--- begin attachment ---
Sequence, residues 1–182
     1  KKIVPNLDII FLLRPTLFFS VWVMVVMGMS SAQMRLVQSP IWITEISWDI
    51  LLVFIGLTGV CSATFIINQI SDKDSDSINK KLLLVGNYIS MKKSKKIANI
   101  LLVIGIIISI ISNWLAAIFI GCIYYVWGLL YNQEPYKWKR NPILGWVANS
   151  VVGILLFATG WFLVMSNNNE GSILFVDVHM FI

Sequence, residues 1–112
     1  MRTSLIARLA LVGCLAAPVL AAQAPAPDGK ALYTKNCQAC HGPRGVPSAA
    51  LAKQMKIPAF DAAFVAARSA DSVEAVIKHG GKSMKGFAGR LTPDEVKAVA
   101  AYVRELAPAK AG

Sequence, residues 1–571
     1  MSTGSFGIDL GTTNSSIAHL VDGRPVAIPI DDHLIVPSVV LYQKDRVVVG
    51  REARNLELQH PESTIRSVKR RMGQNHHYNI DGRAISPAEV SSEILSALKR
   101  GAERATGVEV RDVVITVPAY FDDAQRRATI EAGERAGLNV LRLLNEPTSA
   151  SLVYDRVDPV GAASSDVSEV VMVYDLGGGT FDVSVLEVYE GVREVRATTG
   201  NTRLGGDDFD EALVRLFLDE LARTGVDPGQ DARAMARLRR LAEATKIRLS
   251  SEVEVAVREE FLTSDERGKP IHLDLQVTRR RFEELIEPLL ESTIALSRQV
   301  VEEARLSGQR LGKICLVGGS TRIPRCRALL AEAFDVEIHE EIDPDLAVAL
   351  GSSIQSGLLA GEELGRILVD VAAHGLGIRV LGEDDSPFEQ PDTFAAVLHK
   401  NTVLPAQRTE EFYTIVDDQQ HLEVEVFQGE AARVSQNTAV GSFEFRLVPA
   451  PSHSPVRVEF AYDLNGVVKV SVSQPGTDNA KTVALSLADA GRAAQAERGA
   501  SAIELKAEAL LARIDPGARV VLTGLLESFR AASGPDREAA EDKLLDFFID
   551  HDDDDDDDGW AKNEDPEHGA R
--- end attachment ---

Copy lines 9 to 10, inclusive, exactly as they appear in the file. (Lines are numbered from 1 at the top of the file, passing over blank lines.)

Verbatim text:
   101  AYVRELAPAK AG

Sequence, residues 1–571